Yothr CRP.510.81a

Bruttia Crispina
Reign: Marcus Aurelius or Commodus
Mint: Philippopolis, Thrace
Date: 178/182 AD
Nominal: Bronze
Material: AE
Diameter: 25mm
Weight: 8.85g

Reference: RPC IV.1 7617
Reference: Varbanov Philippopolis XII.15.2
Reference: Mouchmov Philippopolis 251
RPC Online: https://rpc.ashmus.ox.ac.uk/coins/4/7617
Rare: Specimens 6 (0 in the core collections)
Provenance: N&N Collection Numismatics, Luxembourg
Pedigree: –
Special: RPC Online Plate coin

Obverse: Draped bust of Crispina, right
Translation: Krispeina Sebaste
Translation: Crispina Augusta

Reverse: Male figure (Commodus?) on horseback, right, holding spear horizontally; rabbit (or hunting dog) right below
Translation: Philippopoleiton
Translation: City of Philippopolis

Comment: Philippopolis is one of the names of the ancient city situated where Plovdiv is today. The city became one of the largest and most important in the region and was called “the largest and most beautiful of all cities” by Lucian. During most of its recorded history, the city was known by the name Philippopolis after Philip II of Macedon. Philippopolis became part of the Roman empire and capital of the Roman province of Thracia. According to Ammianus Marcellinus, Philippopolis had a population of 100,000 in the Roman period. In 72 BC the city was seized by the Roman general Marcus Lucullus during the Third Mithridatic War but was soon restored to Thracian control. In AD 46 the city was finally incorporated into the Roman Empire by emperor Claudius. It gained city status (municipium) in the late 1st century. As Trimontium it was an important crossroad for the Roman Empire. Although it was not the capital of the Province of Thrace at this time (which was Perinthus), the city was the largest and most important centre in the province. It was the seat of the Union of Thracians and the Via Militaris (or Via Diagonalis), the most important military road in the Balkans, passed through the city. Roman times were a period of growth and cultural excellence and the ancient ruins tell a story of a vibrant, growing city with numerous public buildings, shrines, baths, theatres and a stadium. The large scale of public construction during the Flavian Dynasty (69-96 AD) led to the city being named Flavia Philippopolis. Hadrian visited the city as part of his tour of the empire and a triumphal arch was erected outside the east gate in his honour.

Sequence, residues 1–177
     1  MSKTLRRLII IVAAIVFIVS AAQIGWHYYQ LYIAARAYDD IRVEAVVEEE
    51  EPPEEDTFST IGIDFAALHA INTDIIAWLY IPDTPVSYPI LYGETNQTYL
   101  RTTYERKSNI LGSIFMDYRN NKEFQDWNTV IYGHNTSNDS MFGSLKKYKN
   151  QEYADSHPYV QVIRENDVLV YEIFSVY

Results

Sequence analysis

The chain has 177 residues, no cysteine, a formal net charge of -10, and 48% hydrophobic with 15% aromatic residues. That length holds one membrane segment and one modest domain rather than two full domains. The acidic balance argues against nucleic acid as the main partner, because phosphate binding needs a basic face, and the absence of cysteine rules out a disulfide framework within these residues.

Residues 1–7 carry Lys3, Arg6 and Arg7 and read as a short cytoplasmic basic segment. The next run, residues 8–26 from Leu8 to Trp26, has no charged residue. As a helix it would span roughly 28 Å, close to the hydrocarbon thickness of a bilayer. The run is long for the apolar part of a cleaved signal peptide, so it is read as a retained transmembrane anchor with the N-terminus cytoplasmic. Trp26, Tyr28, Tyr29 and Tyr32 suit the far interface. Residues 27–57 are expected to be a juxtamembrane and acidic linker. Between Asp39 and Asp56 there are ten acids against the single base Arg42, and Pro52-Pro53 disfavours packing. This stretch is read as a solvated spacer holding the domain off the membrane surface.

WordPress Cookie Plugin von Real Cookie Banner